It's odd that as concerned as we are about taxes, many don't blink an eye when it comes to stadiums.
It's not cool and the math doesn't add up, fellow taxpayers.
I'm going to assume that you and I are both taxpayers. Presumably, we both care about the public good.
Roads, bridges, schools, emergency services, public transportation. For the things that will make our community run properly, we're hopefully both in agreement that shelling out a little from our pay is worth it.
Chipping in for the things we all need is part of the social contract in America.
But there's something we've been paying for that we shouldn't be.
And we do it every time because each time we even think about prioritizing something else instead of paying for this thing, we get threatened that our beloved sports teams will leave us. What is this thing, you ask, dear reader?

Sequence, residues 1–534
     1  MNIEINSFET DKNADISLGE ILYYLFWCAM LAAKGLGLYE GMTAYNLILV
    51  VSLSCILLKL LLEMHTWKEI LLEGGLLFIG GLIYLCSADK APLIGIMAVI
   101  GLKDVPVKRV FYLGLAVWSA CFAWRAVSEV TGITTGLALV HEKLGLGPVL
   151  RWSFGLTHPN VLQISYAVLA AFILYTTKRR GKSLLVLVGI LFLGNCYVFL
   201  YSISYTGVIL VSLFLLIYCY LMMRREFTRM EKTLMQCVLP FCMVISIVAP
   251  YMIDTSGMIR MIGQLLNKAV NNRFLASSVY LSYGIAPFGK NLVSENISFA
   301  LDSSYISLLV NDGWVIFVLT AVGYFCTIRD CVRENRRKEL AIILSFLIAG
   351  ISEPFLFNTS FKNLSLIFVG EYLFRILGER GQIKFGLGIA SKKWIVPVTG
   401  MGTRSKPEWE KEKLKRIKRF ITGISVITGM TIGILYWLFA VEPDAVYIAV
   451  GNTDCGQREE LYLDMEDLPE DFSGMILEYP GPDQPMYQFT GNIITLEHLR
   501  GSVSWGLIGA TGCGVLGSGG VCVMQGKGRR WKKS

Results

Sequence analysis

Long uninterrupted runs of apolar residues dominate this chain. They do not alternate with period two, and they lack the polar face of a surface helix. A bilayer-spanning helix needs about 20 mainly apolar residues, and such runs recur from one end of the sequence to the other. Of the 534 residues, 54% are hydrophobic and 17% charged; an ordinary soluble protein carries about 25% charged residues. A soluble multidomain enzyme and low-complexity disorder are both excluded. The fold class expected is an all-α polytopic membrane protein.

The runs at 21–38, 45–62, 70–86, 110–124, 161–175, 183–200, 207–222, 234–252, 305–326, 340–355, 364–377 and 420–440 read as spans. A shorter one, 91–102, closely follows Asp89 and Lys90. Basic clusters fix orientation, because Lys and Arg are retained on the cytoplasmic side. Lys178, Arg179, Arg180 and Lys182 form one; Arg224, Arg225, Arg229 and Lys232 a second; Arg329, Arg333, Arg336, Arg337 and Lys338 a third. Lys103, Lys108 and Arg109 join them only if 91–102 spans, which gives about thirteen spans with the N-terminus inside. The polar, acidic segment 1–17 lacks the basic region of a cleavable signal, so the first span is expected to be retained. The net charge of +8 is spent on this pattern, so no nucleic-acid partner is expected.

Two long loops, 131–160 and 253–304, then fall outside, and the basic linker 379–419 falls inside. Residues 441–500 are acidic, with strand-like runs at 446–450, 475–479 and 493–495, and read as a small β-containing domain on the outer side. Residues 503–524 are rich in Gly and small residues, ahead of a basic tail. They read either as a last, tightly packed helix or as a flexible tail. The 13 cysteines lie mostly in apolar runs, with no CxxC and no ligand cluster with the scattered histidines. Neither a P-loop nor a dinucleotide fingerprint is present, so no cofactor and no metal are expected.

Every time our teams want a new stadium, they act like:
Would you call our relationship with teams that threaten to leave when they don't get their way a healthy one?
When we're cutting back on so many important services for lack of funding, it seems silly that we're willing to shell out up to a billion dollars for new stadiums.
We quite literally can't afford to foot the bill for our teams.
We're driving ourselves off a financial cliff. And meanwhile, they're making mad profits!
How do we keep getting rope-a-doped into such an unhealthy dynamic with our team stadiums?
John Oliver explains the drill and breaks down why the math doesn't work in our favor:
You and I spending another dime on this just doesn't make sense.
Share this for the other people who've had enough and need the facts.
— A taxpaying sports fan who likes a nice stadium but also has a lot of other priorities and believes that there are way more important things to spend money on for her community and country